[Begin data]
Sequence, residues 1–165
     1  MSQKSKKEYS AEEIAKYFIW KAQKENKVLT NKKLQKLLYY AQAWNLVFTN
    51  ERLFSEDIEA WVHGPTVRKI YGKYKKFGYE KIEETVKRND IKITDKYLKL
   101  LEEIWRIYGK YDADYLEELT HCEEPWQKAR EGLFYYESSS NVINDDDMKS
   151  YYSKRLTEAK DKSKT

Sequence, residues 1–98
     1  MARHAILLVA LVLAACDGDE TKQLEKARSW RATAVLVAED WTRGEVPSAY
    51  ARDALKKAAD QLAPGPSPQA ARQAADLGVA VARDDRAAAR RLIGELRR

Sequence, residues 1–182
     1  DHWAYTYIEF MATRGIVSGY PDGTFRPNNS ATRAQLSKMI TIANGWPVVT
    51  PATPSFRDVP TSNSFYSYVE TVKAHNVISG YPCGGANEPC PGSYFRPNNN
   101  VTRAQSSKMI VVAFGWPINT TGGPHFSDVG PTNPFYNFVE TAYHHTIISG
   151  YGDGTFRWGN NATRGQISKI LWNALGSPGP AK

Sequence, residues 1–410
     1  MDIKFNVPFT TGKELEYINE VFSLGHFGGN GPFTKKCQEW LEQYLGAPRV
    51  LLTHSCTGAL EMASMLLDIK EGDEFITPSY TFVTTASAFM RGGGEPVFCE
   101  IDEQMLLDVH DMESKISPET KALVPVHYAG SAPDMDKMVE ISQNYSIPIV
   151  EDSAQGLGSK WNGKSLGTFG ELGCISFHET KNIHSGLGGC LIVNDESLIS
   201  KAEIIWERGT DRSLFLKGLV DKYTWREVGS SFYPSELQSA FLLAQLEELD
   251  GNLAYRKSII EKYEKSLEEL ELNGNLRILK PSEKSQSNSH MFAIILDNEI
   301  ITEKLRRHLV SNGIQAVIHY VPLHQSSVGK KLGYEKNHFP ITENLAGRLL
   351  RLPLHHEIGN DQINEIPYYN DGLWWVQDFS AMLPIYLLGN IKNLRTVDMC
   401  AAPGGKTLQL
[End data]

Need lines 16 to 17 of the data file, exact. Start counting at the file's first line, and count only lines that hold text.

    51  LLTHSCTGAL EMASMLLDIK EGDEFITPSY TFVTTASAFM RGGGEPVFCE
   101  IDEQMLLDVH DMESKISPET KALVPVHYAG SAPDMDKMVE ISQNYSIPIV